Works by Richard Prince at Sotheby's
Richard Prince Biography
Richard Prince, recognized primarily for his use and advancement of appropriation in his artwork, was born in 1949 in the Panama Canal Zone where his parents were stationed while working for the United States government. In 1954, the family moved to Braintree, Massachusetts, a suburb of Boston. Following his high school graduation in 1967, he travelled briefly in Europe before studying at Nasson College in Maine. In 1973, he applied to the San Francisco Art Institute, but was rejected, prompting him to relocate to New York City.
Although he had shown an interest in art previously, in the City his exposure to art, art movements and the effects of imagery was amplified. Among other various odd jobs he maintained, the most influential to his career trajectory was a position at Time Inc., where he worked with magazine tear sheets. In the process of his work, he removed articles from the publications, leaving only the advertisements behind; these leftover advertisement images intrigued Prince, and ultimately became a focal point of his oeuvre. He began to juxtapose varying pictures and rephotograph them. The decontextualize advertisement imagery implicitly highlighted aspects of consumer culture, ideas of authorship, and the boundary between reality and artifice.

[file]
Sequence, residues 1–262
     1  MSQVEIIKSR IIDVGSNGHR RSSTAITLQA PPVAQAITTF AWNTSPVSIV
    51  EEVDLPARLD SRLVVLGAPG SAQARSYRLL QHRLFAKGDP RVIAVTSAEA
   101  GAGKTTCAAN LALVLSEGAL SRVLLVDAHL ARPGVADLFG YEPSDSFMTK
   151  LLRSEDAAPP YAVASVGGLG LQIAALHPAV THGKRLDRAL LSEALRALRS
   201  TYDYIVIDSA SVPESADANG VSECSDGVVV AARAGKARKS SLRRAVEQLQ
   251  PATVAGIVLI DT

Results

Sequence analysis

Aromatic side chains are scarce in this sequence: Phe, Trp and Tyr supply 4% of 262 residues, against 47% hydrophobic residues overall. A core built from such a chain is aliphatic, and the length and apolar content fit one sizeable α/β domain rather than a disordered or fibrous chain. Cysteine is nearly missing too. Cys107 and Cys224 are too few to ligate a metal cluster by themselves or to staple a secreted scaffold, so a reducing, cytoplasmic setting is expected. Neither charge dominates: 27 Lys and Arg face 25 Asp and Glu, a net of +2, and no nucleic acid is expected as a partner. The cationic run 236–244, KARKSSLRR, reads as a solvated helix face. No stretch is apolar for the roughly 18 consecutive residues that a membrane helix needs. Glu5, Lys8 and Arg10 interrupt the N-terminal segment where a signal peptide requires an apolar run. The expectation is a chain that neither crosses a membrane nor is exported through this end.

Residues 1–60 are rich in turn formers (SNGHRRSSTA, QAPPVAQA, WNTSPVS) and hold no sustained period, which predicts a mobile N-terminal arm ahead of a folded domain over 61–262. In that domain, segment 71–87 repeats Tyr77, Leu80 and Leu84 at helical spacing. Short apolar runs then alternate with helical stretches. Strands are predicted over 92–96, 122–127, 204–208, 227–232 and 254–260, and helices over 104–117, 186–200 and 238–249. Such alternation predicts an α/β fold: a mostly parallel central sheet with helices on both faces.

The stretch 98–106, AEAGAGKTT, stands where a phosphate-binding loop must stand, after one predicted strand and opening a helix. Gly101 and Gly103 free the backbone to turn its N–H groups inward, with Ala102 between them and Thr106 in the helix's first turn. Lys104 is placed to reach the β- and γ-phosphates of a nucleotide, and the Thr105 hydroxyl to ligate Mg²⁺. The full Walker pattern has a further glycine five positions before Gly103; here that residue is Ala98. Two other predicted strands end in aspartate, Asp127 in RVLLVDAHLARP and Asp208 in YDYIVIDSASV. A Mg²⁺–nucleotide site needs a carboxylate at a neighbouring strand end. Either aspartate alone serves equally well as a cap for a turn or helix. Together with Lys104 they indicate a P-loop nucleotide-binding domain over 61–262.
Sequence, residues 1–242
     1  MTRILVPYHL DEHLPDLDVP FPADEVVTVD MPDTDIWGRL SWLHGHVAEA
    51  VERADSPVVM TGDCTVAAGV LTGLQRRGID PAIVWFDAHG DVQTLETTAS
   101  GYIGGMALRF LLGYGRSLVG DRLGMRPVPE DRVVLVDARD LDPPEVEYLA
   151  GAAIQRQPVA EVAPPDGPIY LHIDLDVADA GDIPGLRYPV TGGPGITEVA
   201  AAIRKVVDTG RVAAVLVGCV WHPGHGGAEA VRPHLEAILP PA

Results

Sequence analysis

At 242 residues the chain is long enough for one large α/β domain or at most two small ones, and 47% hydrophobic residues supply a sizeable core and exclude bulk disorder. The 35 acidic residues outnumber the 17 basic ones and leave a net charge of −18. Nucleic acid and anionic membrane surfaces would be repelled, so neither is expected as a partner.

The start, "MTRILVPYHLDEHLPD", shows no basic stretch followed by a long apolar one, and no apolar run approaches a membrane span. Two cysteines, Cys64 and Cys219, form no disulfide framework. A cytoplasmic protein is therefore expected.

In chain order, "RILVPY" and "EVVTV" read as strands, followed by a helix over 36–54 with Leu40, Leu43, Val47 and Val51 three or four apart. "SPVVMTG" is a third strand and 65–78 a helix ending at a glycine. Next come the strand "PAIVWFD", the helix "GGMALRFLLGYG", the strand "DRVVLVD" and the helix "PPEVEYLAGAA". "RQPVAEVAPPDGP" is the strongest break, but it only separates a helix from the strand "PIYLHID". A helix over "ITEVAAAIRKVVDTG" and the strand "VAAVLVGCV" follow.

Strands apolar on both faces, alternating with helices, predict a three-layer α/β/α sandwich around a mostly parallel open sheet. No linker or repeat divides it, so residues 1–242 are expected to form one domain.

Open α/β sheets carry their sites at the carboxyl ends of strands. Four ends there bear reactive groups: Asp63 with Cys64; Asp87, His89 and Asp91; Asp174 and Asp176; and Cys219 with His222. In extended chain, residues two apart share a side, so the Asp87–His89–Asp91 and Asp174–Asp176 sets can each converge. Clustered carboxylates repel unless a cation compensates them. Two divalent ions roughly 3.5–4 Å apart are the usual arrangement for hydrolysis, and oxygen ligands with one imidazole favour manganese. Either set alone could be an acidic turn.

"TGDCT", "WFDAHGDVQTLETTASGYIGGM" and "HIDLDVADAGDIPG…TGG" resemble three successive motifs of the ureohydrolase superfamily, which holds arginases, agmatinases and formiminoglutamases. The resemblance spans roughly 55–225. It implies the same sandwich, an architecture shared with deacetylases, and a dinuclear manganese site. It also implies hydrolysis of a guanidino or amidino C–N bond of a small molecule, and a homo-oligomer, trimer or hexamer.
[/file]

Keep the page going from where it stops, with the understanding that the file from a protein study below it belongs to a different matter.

His process of assembling and creating images evolved in the 1980s, when he began utilizing grids of images he termed “gangs.” Employing the same technique of juxtaposition, these “gangs” centered on a specific cultural theme via a particular motif commonly found in mass media, such as bucolic skylines, bikers and cowboys, and erotically posed models. Beginning in the 1980s, he would also employ text into his works, such as painting the text of jokes on mundane backgrounds.
Following his first solo show in 1980 at Artists Space in New York City in New York, his career flourished—he was the subject of a solo exhibition at the Whitney Museum of American Art just 12 years later. Fully established by the mid-1990s, he bought a home for him and his family in upstate New York—of which the suburban life he encountered there would become the subject of many of his works. On this property, he created Second House, an installation piece made within a small outbuilding. The Solomon R. Guggenheim acquired the work, but in 2007—two years after the purchase—it was struck by lightening and completely destroyed.
Prince’s work has invited its fair share of controversy over the course of his career, as his use of others’ images has been the inciting factor for a number of lawsuits. Nevertheless, his thought-provoking interrogations into pop culture and mass media have continued to enthrall the art world. Prince has since returned to New York City, where he continues to live and work, and his art has been acquired by renown collections such as the Tate Modern, London; the Museum of Modern Art, New York; the Smithsonian American Art Museum, Washington, DC; and the San Francisco Museum of Modern Art.